House prices have ‘hit peak’ – Britons won’t move among ‘nightmare’ cost of living crisis
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But if the pandemic has taught us anything it is that tradition has been turned on its head. So this month is unlikely to be anything like as busy as we’d normally expect for this time of year.
We must however keep things in context. For months now the market has been booming with prices sky-rocketing in all parts of the UK.
Indeed, the Office of National Statistics’ latest projection shows prices up 10.8 percent in 2021 with London lagging at 5.5 percent. And Nationwide’s HPI shows a seasonally adjusted increase of 0.8 percent in January and 1.7 percent in February.
If that increase continued throughout the year we’d see double digit inflation adding nearly £40,000 to the average home.
But here’s the snag: I really don’t think it will be happening. Yes the market has defied the odds before and risen out of the challenges of Brexit and Covid.
But the mass return to work, the rush to buy at low fixed rates and the usual post-Christmas bounce all fuelled the market to reach never before seen highs in the past three months.
I believe the market has therefore probably hit its peak and it won’t rise to that level in March.
The biggest issue is the cost of living crisis. And this crisis is only set to get more acute in April when fuel bills will increase for many by 40 percent and more.
This will have a particularly big impact on the housing market. The knock on effect will be increased costs in everything we buy, not just what we use to light and heat our homes.
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The prices of other household items and bills will rise and rise and rise this year as well. This will see buyers increasingly begin to factor in the increased cost and try to adjust their budgets accordingly.
Think about that moment you sit down with your mortgage advisor and try to calculate your outgoings. It’s hard enough at the best of times, but in the middle of a cost of living crisis? It is a nightmare. And, as a result, many will choose not to move.
There is already evidence that lenders have begun to look more closely at a borrower’s current and projected spending and we may begin to see multiples (that’s how many times your income they’ll lend) reduce.
I’ve also noticed landlords beginning to exit the market, keen to bank profits and beat looming environmental legislation. The cost of living crisis will therefore likely hit tenants the hardest with increased rent arrears and defaults expected further down the road.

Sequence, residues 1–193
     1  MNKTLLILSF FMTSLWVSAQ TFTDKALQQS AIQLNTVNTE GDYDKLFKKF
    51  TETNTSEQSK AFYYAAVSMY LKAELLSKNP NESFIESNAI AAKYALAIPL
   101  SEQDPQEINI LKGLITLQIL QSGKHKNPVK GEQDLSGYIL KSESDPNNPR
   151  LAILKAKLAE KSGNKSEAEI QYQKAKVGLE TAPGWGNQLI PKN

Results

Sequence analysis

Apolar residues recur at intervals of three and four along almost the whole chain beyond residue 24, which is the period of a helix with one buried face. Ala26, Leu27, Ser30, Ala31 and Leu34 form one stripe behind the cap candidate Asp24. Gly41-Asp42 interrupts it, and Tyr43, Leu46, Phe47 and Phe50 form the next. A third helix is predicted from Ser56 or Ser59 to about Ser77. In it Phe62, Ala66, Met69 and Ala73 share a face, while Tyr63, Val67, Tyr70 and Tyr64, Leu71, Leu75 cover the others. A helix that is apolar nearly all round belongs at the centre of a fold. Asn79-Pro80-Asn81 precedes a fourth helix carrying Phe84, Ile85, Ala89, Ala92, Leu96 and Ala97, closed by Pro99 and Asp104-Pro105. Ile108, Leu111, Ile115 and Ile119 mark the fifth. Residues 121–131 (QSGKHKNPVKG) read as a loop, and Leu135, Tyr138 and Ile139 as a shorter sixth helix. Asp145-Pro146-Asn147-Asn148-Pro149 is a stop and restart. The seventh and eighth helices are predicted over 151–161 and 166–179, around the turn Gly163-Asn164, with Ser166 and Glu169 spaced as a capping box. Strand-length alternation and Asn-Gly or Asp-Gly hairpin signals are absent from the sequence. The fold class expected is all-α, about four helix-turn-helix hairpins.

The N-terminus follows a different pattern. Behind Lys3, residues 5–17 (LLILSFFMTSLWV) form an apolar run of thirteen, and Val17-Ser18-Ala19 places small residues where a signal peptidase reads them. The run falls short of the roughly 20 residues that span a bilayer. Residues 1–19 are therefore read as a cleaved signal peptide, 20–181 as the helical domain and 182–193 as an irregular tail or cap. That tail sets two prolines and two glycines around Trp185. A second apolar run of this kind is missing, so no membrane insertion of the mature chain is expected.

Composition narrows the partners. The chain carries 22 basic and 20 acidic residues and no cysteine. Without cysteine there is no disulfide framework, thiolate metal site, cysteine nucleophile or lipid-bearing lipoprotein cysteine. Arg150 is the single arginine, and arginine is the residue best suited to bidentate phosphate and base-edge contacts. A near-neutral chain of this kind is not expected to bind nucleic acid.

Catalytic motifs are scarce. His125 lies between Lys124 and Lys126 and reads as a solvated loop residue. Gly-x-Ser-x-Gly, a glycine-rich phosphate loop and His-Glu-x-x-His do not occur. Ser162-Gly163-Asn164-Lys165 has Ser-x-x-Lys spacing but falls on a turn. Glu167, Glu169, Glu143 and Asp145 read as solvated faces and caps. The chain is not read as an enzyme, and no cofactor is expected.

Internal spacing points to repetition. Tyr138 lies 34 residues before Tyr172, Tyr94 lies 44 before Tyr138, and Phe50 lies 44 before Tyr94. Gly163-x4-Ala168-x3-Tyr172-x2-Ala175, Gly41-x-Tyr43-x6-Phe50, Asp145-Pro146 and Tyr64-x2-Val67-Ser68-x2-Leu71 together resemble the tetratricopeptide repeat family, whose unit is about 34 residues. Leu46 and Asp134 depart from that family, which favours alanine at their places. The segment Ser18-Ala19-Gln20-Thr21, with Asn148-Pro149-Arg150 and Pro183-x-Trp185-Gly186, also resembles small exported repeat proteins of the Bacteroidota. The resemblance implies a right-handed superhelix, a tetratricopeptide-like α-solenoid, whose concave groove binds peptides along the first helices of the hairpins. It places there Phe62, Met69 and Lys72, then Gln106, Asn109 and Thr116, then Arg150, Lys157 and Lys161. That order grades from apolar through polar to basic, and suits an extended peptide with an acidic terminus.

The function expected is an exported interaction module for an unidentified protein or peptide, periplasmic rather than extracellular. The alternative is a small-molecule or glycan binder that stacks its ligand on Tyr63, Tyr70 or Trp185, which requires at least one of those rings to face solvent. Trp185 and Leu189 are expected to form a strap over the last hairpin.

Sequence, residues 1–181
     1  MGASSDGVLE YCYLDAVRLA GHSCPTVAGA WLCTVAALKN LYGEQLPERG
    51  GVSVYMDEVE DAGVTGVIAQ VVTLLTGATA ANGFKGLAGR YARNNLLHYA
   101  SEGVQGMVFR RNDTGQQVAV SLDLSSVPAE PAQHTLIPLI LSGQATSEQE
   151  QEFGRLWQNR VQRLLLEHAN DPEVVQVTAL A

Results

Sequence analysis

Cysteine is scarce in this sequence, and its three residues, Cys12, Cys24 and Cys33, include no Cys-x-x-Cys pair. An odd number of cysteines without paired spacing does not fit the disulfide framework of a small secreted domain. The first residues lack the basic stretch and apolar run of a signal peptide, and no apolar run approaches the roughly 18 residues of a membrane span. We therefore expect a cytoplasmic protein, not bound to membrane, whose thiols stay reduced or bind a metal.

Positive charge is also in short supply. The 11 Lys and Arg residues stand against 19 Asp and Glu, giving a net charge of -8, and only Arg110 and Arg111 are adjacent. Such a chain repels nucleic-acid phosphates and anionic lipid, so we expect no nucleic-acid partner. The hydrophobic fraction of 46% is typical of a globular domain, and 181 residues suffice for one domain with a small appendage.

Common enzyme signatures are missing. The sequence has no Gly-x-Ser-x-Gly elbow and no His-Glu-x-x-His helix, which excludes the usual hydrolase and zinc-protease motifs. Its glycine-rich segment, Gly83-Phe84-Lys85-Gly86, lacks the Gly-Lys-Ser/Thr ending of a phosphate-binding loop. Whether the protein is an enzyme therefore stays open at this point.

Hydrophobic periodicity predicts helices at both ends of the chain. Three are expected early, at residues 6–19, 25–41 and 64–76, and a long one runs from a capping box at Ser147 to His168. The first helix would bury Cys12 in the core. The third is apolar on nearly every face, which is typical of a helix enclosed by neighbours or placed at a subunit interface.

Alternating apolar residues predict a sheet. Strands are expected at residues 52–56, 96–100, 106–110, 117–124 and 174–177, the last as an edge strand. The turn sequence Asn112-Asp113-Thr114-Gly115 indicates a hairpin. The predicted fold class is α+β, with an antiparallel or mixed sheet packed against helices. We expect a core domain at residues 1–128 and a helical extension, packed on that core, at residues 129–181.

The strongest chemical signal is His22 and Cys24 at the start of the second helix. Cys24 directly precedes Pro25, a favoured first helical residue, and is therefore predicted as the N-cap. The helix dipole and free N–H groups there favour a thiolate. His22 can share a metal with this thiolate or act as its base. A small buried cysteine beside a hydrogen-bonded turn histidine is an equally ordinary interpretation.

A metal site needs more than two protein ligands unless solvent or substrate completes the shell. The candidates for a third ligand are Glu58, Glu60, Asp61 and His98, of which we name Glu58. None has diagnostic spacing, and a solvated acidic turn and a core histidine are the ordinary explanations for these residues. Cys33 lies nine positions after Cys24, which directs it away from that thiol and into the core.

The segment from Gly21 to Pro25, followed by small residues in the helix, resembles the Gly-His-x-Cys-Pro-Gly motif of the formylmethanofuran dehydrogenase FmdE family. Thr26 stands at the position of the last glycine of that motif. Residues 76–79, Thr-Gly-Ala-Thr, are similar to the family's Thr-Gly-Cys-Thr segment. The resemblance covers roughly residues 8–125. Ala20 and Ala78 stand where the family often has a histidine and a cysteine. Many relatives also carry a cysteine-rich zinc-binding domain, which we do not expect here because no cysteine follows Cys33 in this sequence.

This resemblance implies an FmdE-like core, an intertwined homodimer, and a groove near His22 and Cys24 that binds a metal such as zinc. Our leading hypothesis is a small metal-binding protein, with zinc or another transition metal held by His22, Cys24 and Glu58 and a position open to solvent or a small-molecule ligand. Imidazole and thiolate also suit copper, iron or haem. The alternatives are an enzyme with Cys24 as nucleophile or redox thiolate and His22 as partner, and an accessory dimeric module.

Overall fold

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The tragedy unfolding in Ukraine can also not be overlooked and it will only amplify the problems here, potentially starving the country of much needed funds for rebuilding post-Covid and for essentials such as aid and defence.
One of the biggest issues facing the market right now is the continued shortage of homes. Some sellers, especially landlords, are holding property waiting for prices to increase.
Right now many owners are simply sitting and waiting meaning there is a huge lack of supply in the market. That’s the really big issue.
Where people are selling they are increasingly looking to rent while they find their dream home. And that is driving rental prices to fresh highs as well.
The people I really feel sorry for right now are first time buyers. It’s always been hard for those trying to get a foot on the ladder. But right now must be among the toughest environments ever for those looking to enter the market, perhaps the hardest period we’ve seen in a generation.
A single person with a salaried job will really only be able to borrow four times their gross annual wage. Some lenders may offer more but borrowers should think carefully before potentially over-borrowing. The average property value is £270,000 – more in London. Yet the average wage is £39,000. Four times that is just £156,000. Cheaper homes are of course available but even so, the average buyer will therefore require a substantial deposit and/or a very well paid job.
The solution, other than relying on the Bank of mum and dad, is to look at buying in cheaper locations and flat sharing whilst you save. My advice would be try to invest your savings as well as you can for the maximum return and take a Help2Buy ISA for free government money. Or aim to buy with a trusted partner and consider shared ownership.
If all else fails, invent a time-machine and head back to March 2009 when prices were less than half their current level.
Jonathan Rolande is the Director of House Buy Fast.
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